After an exhausting morning at the flea market of Porta Portese i head to Pigneto, the quarter i will try to put my main focus to in the next days. The atmosphere is very calm, amazingly peaceful in fact. The scale of the pedestrian area is welcoming, little bars have their terraces outside. I see mainly young families enjoying their afternoon with their friends and kids.
I notice some preparation work at Via Pesaro, after a little investigation i find out that Yetti cafe is setting everything up for an evening event – a book presentation and a movie screening. I chat with an icecream seller pointing out that during the times i lived here, there were no such events.
“I feel like Pigneto has changed a lot, especially in last two years. It is much calmer now, before you wouldn’t see a child on the street but now it has become very attractive for young people with kids. The feeling of community is much stronger now and yes, time to time they organize events like this”
I wonder what contributed to these changes “You know, before it was full of drug dealers here. There used to be one of them at each corner offering stuff to people passing by, even during the day! But locals were not happy about that, there were many complaints addressed to the municipality, I also went to a protest that tried to kick out the dealers from this area. Then there was a strong police intervention, for a couple of weeks we had cops everywhere and since then all the dealers disappeared. I think it is much nicer to live here now.”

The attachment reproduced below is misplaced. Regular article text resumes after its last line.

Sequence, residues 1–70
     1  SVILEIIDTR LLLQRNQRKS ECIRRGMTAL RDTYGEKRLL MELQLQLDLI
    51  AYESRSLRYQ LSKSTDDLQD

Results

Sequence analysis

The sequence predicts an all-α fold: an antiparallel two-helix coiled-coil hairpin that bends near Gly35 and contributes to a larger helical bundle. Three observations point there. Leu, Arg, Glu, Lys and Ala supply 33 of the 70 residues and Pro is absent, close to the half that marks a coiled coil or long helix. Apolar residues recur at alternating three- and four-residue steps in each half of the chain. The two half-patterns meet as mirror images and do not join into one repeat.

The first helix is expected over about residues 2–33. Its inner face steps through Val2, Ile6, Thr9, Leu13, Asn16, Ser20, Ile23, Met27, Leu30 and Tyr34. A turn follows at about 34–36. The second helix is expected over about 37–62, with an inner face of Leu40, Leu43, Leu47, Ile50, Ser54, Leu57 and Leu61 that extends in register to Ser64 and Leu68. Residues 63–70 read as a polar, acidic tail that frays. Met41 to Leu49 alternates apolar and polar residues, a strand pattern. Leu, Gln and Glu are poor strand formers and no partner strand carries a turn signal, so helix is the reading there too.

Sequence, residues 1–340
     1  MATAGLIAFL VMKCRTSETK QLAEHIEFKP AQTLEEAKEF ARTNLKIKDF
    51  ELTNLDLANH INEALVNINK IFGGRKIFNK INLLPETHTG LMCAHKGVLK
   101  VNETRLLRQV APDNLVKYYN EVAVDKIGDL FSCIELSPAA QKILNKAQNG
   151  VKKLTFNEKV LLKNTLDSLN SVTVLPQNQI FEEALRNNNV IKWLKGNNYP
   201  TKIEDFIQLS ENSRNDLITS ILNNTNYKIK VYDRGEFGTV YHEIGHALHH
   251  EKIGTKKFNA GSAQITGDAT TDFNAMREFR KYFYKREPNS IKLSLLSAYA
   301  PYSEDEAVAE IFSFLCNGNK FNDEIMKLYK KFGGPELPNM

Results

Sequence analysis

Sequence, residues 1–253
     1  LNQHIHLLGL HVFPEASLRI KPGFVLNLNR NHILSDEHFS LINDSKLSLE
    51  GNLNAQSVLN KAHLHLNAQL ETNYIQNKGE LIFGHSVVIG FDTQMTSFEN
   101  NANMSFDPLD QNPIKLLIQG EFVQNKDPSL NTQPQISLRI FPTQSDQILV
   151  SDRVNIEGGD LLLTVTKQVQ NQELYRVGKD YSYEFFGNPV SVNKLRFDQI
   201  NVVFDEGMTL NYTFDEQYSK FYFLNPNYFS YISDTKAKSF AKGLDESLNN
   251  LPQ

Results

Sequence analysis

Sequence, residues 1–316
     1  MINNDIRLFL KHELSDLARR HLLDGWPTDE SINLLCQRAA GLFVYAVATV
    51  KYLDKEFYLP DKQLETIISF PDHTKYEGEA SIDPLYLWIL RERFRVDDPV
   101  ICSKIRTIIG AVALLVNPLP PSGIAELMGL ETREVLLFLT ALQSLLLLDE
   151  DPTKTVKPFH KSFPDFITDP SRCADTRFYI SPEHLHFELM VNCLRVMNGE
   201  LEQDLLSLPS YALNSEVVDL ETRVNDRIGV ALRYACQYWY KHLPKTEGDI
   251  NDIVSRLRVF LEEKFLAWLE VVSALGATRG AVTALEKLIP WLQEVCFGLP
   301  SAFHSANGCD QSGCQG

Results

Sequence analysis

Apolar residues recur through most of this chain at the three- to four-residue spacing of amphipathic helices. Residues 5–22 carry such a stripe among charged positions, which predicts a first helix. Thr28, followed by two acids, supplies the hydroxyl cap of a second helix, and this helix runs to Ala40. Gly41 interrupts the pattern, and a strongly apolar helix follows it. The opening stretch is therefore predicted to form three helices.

Strongly impressed I quickly take a chance to interview a young couple with two kids enjoying their ice creams.
“We are actually not from Pigneto. We live in EUR (very distant part of Rome) but we like to come here during the weekends and hang out with kids. We find it lovely here, usually we take a walk in the pedestrian area and sometimes we arrive all the way to Necci (famous local cafe).”
I am interested if they ever visit Pigneto at night: “No, not anymore. Now we come only during the daytime. But we loved to come here for a couple drinks before we had kids. It was very vibrant area back then, a lot of students lived here. I believe it’s equally busy at night even now, but it has become too expensive for students. I think it’s mostly working middle class and artists now.”
I want to hear if they remember any conflict between generations, the older residents must mind the noise… “No, not really! I think that people who live here have accepted this place as it is, with all its advantages and disadvantages. Everybody who moves in here, must already know how this place works. And the older residents.. they remain, because they don’t find it disturbing, otherwise they would move out…. I am sure you noticed that this place feels more like a village and not like a part of the capital city. People know each other and say Ciao on the street. Here it feels like the elderly collaborates with the youngsters, which reminds me of the old style way of living. Old people go for a walk in the evening, they don’t scream from their windows to shut up the people on the street.” This is a very interesting answer that i will try to confirm in the next days interviewing older residents.
In the evening I come back to Via Pesaro. The event is beautiful, the tiny street has become an open air cinema.